In a first of its kind, the government-backed RuPay credit card has gone live with a unified payment interface (UPI), which means scanning QR codes at merchant outlets for goods and services instead of using a POS terminal.
In his opening remarks, Nandan Nilekani, the non-executive chairman of Infosys, said that the Reserve Bank of India (RBI) has become a world leader in combining regulations and innovations.
"I see the launch of UPI and RuPay credit cards as the first step of credit on UPI. It’s a very sensible first step to test the waters for credit. I am sure they ( RBI) will open up to more forms of credit like BNPL and others," said Nilekani.
In June, the RBI allowed the linking of RuPay credit cards to UPI.
Punjab National Bank, Union Bank of India, and Indian Bank are the first three banks that have gone live with UPI linkages, while many others are expected to join shortly.
RuPay credit cards, which are mostly issued by public sector banks, will be linked to a virtual payment address via UPI ID, allowing for instant scanning at merchant outlets that accept QR codes. Currently, RuPay credit cards have a market share of one-fifth in terms of spends in India.
"There will be no MDR on UPI-linked credit transactions, but a small interchange fee," said Atul Kumar Goel, MD&CEO of Punjab National Bank.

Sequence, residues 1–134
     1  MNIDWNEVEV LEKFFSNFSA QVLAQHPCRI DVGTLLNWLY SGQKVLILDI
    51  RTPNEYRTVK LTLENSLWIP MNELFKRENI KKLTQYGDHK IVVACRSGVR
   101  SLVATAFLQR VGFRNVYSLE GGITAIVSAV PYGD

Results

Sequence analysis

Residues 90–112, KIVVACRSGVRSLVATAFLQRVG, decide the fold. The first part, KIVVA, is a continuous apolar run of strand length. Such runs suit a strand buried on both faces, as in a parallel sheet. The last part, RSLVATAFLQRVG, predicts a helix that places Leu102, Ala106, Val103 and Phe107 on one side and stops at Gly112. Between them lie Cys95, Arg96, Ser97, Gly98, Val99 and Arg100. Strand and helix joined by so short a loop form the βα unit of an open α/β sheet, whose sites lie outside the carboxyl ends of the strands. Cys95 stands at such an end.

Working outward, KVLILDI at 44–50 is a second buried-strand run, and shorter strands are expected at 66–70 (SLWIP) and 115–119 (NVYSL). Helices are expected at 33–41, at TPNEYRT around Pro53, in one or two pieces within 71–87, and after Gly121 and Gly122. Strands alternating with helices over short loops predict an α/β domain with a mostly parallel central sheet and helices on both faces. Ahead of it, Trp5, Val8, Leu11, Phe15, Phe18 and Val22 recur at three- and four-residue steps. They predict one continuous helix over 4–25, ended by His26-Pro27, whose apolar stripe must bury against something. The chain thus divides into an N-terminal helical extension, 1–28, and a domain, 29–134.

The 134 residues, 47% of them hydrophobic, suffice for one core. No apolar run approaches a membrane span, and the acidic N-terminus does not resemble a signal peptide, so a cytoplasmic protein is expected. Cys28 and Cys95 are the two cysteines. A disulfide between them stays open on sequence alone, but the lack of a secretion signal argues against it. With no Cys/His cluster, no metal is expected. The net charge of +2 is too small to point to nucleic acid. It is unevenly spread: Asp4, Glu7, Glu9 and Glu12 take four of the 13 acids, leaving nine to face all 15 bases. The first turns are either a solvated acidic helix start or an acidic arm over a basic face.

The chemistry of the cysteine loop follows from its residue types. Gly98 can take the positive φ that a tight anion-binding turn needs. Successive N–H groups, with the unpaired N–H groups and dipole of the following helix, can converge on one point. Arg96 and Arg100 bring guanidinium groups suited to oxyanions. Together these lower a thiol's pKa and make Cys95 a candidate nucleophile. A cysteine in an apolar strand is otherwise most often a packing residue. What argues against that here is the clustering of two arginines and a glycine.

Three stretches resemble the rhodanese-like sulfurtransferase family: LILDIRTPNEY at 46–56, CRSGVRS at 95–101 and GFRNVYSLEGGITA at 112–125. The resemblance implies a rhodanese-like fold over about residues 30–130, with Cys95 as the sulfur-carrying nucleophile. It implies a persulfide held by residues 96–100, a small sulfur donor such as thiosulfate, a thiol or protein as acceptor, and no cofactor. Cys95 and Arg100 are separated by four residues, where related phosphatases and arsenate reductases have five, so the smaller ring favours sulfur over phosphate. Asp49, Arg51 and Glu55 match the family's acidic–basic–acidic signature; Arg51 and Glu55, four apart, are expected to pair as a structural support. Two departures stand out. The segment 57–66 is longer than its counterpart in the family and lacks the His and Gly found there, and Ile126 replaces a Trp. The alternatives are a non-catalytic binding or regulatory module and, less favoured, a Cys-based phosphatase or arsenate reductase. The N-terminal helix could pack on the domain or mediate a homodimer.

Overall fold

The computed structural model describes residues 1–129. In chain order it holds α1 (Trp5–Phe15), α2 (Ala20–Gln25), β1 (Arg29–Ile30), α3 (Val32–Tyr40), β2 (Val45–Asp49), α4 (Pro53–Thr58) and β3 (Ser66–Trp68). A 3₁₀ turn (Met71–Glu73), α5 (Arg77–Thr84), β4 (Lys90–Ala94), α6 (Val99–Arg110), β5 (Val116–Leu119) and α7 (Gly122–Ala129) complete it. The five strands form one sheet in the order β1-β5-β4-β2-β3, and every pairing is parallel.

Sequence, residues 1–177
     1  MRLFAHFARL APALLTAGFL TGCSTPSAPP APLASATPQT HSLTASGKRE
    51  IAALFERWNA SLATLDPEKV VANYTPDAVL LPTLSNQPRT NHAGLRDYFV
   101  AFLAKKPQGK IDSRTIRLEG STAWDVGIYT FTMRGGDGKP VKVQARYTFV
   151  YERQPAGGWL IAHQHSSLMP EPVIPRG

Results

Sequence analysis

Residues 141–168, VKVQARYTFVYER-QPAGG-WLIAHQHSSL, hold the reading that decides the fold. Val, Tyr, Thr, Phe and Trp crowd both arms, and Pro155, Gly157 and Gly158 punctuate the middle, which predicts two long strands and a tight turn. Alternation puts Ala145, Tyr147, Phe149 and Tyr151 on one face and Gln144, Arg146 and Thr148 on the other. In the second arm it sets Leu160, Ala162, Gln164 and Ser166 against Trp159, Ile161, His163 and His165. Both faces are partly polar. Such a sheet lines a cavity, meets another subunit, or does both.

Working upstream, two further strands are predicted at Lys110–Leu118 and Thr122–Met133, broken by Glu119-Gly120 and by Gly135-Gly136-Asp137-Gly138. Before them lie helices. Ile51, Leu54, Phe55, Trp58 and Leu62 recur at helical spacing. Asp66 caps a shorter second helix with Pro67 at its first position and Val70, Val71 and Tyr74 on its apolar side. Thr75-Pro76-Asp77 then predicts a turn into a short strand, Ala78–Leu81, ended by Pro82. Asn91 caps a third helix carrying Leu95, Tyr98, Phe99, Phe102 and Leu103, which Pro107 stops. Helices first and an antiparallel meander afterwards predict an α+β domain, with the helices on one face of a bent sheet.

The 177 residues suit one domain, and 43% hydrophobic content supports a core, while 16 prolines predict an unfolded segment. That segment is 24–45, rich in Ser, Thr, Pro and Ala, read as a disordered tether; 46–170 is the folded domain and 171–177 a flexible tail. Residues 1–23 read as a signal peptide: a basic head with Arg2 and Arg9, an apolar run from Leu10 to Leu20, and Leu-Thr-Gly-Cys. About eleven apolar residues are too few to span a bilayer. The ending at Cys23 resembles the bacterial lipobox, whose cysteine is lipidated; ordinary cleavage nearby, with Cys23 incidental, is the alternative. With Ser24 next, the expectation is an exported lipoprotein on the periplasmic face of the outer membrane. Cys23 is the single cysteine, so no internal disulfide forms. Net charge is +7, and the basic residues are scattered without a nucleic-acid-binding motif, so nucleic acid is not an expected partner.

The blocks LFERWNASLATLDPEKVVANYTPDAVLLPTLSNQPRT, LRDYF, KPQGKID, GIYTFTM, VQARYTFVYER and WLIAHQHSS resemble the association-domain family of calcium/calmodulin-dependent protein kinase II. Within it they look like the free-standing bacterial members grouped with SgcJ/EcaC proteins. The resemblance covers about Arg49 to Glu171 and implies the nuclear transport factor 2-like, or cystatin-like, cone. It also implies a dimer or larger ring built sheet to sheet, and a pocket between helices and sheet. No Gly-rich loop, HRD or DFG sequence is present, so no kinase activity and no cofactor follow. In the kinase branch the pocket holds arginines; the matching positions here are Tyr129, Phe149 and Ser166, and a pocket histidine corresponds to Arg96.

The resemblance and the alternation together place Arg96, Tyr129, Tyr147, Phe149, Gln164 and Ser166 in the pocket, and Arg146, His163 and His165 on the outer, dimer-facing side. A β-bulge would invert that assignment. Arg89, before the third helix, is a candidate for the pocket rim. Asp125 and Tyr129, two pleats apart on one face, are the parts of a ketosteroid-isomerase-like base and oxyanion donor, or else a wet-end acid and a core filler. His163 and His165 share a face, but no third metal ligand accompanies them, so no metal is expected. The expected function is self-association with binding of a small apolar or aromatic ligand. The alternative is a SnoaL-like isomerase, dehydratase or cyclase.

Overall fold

The credit card issuing bank will recover the interest component, especially the interest from the merchant for the interest-free credit enjoyed by the customer. However, Goel refuses to elaborate more on the fee component.
So far, the UPI is linked via the customer's debit card to their savings or current account. There is no MDR on UPI debit transactions.
On credit transactions, an MDR is levied by the POS terminal acquirer on a merchant. The card network (Visa/MasterCard) fixes the MDR distribution amongst all the intermediaries in the POS acquirer, card issuer, and card network.
This path-breaking measure will not only expand credit in smaller towns and cities but also impact the business model of global card networks.
First, there is likely to be an expansion of credit as UPI linking of credit cards will allow purchases at a large number of merchant outlets with QR code. In the past, the high-cost POS terminals have stood in the way of credit card growth. "You don’t find a POS machine in rural and semi-urban areas. Now with the RuPay credit card, credit will be available to a large population," said Biswamohan Mahapatra, Chairman at NPCI.
"There are also many merchants who today don't have a POS terminal but have a QR code, where a credit card is generally not used. So, that entire market will open up in a very big way," said Mandar Agashe, Founder and MD of Sarvatra Technologies.
People are credit-starved in India. The credit to GDP ratio is in the 50s whereas counties like the US have a ratio of 216 per cent. China is at 182 percent.
Second, bigger networks like Visa and Mastercard will also be forced to join the UPI bandwagon. Non-RuPay credit cards typically charge an MDR of up to 2 -3 per cent of the transaction value. The lower interchange fee in RuPay-UPI will make it more popular for the masses.
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